Now, let us go onto non-Christian Faiths for a moment. This article is about confusion and understanding, and hopefully, clarity. I know that this article is really going to upset some folks, that is not my intention. My intention is simply to speak the “Honestly Of God’s Truth” as I see it, understand it, and believe it, too you. The only real Truth is God’s Truth and His Truth is 100% pure Truth. Humans tend to dilute God’s Truth in an effort to make it fit what they want the Truth to be, that is why only God’s Truth is pure Truth, He doesn’t need to dilute anything.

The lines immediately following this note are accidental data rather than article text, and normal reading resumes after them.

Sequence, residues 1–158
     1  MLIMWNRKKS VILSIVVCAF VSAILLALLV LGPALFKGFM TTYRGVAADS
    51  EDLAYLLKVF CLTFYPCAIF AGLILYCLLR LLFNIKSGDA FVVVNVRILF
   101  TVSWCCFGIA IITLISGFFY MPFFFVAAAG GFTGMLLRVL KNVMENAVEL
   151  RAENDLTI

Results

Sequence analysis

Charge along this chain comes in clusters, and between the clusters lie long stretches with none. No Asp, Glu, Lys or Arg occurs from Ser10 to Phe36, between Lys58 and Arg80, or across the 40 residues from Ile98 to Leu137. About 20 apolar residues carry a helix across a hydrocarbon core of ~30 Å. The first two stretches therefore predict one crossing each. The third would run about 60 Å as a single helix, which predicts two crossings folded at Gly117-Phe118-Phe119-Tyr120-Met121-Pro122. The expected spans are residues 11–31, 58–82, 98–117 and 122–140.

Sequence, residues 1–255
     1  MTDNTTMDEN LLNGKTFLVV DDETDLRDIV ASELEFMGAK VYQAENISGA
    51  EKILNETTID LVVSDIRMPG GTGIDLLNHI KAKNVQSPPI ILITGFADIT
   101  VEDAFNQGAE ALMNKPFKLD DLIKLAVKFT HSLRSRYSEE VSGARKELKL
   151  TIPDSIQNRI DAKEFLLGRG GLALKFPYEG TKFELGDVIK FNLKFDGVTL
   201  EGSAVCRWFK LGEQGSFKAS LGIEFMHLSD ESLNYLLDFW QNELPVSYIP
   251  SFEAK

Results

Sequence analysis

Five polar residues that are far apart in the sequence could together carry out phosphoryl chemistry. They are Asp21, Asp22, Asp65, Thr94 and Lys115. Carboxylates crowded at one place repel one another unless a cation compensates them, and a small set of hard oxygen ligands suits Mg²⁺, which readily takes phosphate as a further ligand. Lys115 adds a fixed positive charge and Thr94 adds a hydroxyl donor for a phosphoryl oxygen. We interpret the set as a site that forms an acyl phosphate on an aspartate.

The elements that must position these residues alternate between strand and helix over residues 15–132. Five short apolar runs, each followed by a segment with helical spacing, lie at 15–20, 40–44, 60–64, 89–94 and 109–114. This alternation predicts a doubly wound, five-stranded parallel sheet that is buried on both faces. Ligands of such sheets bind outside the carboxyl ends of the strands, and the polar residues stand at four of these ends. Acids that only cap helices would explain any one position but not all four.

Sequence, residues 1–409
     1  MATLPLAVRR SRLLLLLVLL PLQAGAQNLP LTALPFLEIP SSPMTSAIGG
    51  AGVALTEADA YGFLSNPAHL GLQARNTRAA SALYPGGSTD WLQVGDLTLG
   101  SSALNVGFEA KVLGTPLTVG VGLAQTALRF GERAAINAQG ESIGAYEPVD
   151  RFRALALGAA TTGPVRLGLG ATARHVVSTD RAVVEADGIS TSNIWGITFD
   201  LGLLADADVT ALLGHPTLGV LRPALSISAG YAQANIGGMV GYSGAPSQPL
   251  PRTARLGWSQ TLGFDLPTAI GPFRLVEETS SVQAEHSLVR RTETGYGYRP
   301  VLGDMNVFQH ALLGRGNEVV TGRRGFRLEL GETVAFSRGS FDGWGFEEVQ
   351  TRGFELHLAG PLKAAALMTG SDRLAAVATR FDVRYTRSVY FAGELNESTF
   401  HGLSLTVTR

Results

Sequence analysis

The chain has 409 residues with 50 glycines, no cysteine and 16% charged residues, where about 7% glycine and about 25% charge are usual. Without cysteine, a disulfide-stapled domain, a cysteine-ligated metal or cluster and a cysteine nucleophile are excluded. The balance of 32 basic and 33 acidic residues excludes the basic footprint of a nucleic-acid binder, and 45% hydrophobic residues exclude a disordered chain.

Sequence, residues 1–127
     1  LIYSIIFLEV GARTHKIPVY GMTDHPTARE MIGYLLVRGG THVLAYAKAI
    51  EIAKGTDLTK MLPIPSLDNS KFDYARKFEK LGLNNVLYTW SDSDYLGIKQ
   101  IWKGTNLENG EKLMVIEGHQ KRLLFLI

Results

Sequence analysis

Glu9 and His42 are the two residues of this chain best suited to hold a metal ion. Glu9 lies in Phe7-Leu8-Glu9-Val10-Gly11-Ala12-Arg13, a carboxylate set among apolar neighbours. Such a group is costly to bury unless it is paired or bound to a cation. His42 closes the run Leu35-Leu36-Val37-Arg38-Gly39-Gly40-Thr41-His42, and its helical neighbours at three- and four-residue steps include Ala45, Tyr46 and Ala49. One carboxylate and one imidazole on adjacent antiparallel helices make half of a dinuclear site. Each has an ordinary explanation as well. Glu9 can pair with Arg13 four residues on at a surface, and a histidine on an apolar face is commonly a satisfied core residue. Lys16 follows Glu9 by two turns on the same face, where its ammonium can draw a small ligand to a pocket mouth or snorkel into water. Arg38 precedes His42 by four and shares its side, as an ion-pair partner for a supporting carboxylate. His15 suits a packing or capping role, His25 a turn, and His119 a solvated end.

I don’t know how much knowledge each person who is reading this has concerning Old Testament Scriptures so I will be as direct and short as I can in an effort to help people understand the connections. In the Old Testament (which was written as ‘The Law’ to the Hebrew/Jewish people) the first of the 3 ‘Founding Fathers’ of Israel was Abraham, then there was his son Isaac, and Isaac’s son Jacob. God would later change the name of Jacob to Israel. The 12 Tribes of Israel are named after Jacob’s/Israel’s 12 sons. Since the Book of Genesis but especially in the Books of Isaiah and Daniel the people of Israel are told of a Messiah/Christ/Redeemer/Saviour/Promised One, that will come and elevate Israel to the premier Nation on Earth and this Messiah/Christ will rule the Earth from a new Jerusalem that will come down from Heaven. It is believed that ‘The Christ’ will rule from His Throne upon The Temple Mount. I as a devout Christian believe this exact same thing. The big difference is that as a Christian I believe that the Hebrew/Jewish Messiah has already come in the form of Jesus (Yeshua) but the Jewish folks do not believe that Jesus was ‘The Christ’. You see, when Jesus came to the Earth in 4 B.C. to fulfill Scripture the Jewish people were looking for the ‘Messiah’ to come and remove the Roman Rulers from Israel and to set up His Kingdom then. When the people realised that Jesus was not here to do that many of the people turned on him. Jesus was simply here to fulfill what the Scriptures had to say about Him. Christians should not be at all mad at our Jewish brothers, sisters and friends for their ancestors killing Jesus as they did. First, God hardened their hearts so that they would do so and there is the reality that if Jesus had not done what He did and the people had not done what they did, none of us ‘Gentiles’ (anyone whom is not 100% of Hebrew blood) would have no chance of salvation at all. We would be no better than the dogs or pigs as far as salvation is concerned. (This is exactly what Islam does think of us Christians and Jews by the way.)